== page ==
Publication Type

Journal Article

Version

Postprint

Publication Date

11-2013

Abstract

Although mate preference research has firmly established that men value physical attractiveness more than women do and women value social status more than men do, recent speed-dating studies have indicated mixed evidence (at best) for whether people’s sex-differentiated mate preferences predict actual mate choices. According to an evolutionary, mate preference priority model (Li, Bailey, Kenrick, & Linsenmeier, 2002; Li & KENRICK, 2006; Li, Valentine, & Patel, 2011), the sexes are largely similar in what they ideally like, but for long-term mates, they should differ on what they most want to avoid in early selection contexts. Following this model, we conducted experiments using online messaging and modified speed-dating platforms. Results indicate that when a mating pool includes people at the low end of social status and physical attractiveness, mate choice criteria are sex-differentiated: Men, more than women, chose mates based on physical attractiveness, whereas women, more than men, chose mates based on social status. In addition, individuals who more greatly valued social status or physical attractiveness on paper valued these traits more in their actual choices. In particular, mate choices were sex-differentiated when considering long-term relationships but not short-term ones, where both sexes shunned partners with low physical attractiveness. The findings validate a large body of mate preferences research and an evolutionary perspective on mating, and they have implications for research using speed-dating and other interactive contexts.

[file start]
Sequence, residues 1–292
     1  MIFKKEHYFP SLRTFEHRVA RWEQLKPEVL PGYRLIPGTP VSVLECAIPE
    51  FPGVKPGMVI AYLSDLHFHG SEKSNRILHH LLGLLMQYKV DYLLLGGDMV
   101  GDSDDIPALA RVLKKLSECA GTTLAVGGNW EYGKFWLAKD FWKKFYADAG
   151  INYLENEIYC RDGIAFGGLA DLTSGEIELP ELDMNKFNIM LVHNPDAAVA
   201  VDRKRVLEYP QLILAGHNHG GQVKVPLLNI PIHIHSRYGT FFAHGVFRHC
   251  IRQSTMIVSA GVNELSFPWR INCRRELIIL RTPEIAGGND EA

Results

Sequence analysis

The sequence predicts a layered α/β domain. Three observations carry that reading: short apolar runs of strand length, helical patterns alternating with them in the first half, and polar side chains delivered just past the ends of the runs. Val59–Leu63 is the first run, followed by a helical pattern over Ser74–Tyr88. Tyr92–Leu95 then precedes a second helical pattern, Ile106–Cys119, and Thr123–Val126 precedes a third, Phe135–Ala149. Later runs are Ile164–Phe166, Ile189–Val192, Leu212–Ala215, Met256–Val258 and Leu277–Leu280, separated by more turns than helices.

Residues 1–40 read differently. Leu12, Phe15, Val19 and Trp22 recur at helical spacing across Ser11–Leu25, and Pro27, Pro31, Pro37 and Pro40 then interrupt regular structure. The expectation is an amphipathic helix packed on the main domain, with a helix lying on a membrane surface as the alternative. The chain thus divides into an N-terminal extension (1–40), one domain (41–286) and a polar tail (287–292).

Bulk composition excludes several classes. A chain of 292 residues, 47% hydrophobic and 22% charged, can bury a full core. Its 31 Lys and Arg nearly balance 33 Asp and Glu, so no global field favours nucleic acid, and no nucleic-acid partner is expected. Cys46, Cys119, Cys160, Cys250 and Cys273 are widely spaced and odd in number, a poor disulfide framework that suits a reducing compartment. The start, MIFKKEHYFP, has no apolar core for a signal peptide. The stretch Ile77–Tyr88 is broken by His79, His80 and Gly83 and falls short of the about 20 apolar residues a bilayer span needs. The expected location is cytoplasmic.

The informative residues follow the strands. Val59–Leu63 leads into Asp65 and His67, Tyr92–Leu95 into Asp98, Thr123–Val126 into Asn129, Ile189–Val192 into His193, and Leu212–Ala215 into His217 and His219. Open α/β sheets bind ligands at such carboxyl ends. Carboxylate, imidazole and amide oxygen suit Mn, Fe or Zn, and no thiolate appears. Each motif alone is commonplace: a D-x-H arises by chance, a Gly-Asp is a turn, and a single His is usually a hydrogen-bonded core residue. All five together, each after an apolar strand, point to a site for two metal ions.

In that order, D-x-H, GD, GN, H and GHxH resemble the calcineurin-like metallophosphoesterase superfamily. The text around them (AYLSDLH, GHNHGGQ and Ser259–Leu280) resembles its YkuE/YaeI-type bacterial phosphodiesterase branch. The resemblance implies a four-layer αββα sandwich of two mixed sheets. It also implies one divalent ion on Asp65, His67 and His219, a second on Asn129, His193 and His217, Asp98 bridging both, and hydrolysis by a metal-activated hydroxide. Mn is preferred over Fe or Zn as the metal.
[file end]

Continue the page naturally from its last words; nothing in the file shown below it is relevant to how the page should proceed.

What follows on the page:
Keywords

mate preferences, speed-dating, long-term mating, short-term mating, evolutionary psychology

Discipline

Gender and Sexuality | Social Psychology

Research Areas

Psychology

Publication

Journal of Personality and Social Psychology

Volume

105

Issue

5

First Page

757

Last Page

776

ISSN

0022-3514

Identifier

10.1037/a0033777

Publisher

American Psychological Association

Additional URL

http://dx.doi.org/10.1037/a0033777

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